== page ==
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15 Year old seeks entry on LPGA Tour

A 15-year-old girl wants to play on the LPGA Tour. And, no, it's not Michelle Wie.

Hoping to capitalize on the influx of talented young golfers, Carmen Bandea sent a letter to the LPGA on Tuesday asking for a waiver of its 18-year-old requirement to become a member of the women's tour.

Bandea wants to enter LPGA qualifying school this fall, which would give her a chance to earn her tour card for 2006. She has never played in an LPGA event, and failed in her attempts to qualify for both the men's U.S. Open and the U.S. Women's Open this year.

Still, Bandea believes she is ready to become a professional, at least on a limited basis.

``Hopefully they will let me in,'' she said from her home in suburban Atlanta. ``There's no reason not to. If I can shoot the score, why not let me go play some tournaments?''

Bandea, who just turned 15 on Monday, could play in a maximum of six LPGA events a year using sponsor exemptions -- the route Wie has chosen. That doesn't appeal to Bandea.

``Exemptions are like cheating,'' she said. ``It's like they're giving you something on a silver platter and saying, 'Here, take it.'''

Bandea said she's not interested in a full-fledged pro career. At most, she only wants to play 10 LPGA events a year.

Outgoing LPGA commissioner Ty Votaw can waive the age requirement if a teenager shows she can be competitive, has a strong support system and demonstrates the maturity to be a professional. Aree Song, for instance, was allowed to join the tour at 17.

``Normally, we wouldn't publicize requests of this nature,'' Votaw said from Colorado, where he's attending this week's U.S. Women's Open. ``All I can say is that we have received the letter, and we are in the process of reviewing.''

Bandea is also a promising tennis player, with her sights on being a two-sport star.

Tennis is more lenient about teen players, though it limits the number of events they can enter between 14 and 17. Bandea plans to become a tennis pro in the fall.

``I've already been doing them both for a long time,'' she said. ``It may be unique to everyone else, but to me it seems normal.''

Not lacking for confidence, Bandea already can envision head-to-head showdowns with two teen prodigies: tennis star Maria Sharapova and Wie on the golf course.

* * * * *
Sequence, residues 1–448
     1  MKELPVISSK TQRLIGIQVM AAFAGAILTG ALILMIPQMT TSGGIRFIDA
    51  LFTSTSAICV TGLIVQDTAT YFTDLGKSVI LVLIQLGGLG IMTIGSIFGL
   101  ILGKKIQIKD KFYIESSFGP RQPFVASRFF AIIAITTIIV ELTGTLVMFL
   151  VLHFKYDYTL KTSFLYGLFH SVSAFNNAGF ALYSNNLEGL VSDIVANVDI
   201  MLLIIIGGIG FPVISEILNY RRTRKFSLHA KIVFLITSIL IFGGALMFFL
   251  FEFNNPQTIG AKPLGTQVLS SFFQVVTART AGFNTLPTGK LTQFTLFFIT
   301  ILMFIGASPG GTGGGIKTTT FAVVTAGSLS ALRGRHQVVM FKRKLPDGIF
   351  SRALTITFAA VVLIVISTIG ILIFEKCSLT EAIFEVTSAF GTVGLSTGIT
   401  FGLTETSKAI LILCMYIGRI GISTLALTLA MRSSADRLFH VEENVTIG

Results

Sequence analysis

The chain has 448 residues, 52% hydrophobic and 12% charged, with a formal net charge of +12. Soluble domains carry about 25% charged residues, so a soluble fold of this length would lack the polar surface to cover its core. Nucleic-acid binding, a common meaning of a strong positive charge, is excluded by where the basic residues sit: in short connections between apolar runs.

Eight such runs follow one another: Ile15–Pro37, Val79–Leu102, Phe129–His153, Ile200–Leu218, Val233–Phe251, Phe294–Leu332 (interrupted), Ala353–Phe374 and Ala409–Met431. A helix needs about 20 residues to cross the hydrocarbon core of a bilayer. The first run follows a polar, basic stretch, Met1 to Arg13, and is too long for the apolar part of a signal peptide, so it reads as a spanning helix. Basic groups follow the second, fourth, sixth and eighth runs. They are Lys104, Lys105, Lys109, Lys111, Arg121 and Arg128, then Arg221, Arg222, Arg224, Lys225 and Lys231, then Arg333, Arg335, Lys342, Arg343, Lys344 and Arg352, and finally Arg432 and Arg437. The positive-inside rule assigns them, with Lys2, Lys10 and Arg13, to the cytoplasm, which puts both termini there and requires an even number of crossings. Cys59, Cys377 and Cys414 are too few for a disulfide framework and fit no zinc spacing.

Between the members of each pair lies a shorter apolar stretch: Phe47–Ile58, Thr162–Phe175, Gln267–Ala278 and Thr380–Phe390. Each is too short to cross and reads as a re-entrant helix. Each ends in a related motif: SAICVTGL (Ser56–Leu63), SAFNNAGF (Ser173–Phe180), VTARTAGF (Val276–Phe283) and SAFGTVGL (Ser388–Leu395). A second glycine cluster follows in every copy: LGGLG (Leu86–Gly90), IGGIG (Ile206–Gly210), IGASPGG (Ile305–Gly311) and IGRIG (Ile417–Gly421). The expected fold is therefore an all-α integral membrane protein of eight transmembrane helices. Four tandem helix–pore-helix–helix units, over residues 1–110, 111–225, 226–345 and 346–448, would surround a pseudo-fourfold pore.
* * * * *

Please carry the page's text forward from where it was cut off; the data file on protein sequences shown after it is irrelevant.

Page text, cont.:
``I don't pay attention to anyone but myself,'' Bandea said, ``but I assume there would be a rivalry with (Wie) and with Sharapova in tennis.''

Wie has not asked for a waiver of the age limit. Song is the only player allowed to turn pro before her 18th birthday, a decision that was justified when she took medalist honors at Q-school and finished as runner-up at the Kraft Nabisco Championship.

``She graduated high school, so she had the same level of education that others had,'' Votaw said, explaining his decision. ``She made the cut in 11 of 14 LPGA events she had played since she was 13, and all six majors. Her 18th birthday would have been in early April the following year, so we had only six LPGA events prior to her turning 18. Given all those things, she deserved a waiver.''

In her letter to Votaw, Bandea wrote, ``The main reason that I want to qualify is because I believe I'm as good as anybody on the LPGA Tour and it would be an awesome experience to play in your tournaments. These girls rock -- and I want to rock, too!''

While Annika Sorenstam is the dominant force on the women's tour, an exciting group of teenagers is coming through the ranks. The 15-year-old Wie has contended in several majors, including a runner-up finish to Sorenstam at the LPGA Championship two weekends ago. Eighteen-year-old Paula Creamer became the second-youngest winner in tour history last month.

Bandea was on the course Tuesday, attempting to qualify for a spot in the men's U.S. Public Links championship.

``I want to play in some LPGA tournaments,'' Bandea said. ``It would be fun to see if I can qualify. The worst I can do is lose.''

Bandea is home-schooled by her mother, Becky, who holds a masters degree in education. The teenager plans to take some college courses next year through online programs and by attending classes.

There are numerous examples of young athletes burning themselves out by taking on too much, too soon. Bandea isn't worried about tumbling down that path, insisting that she approaches sports with the proper perspective.

``It's a game,'' she said. ``You don't burn out playing Monopoly.''

The 5-foot-8 Bandea admittedly needs a lot of work on her putting, but her 280-yard drives compare favorably with male competitors.

``When I'm on the putting green with guys, it feels kind of weird. That's not my greatest thing,'' she said. ``But when I'm on the driving range, I'm fine, because I can drive it past them.''

If the LPGA rejects her request for Q-school, Bandea simply will turn her attention toward male competition. She already feels more comfortable playing from the men's tees.

``Carmen is going to be really competitive in men's golf,'' Becky Bandea said. ``If they won't let her play women's golf, she'll just play where she's allowed to play.''


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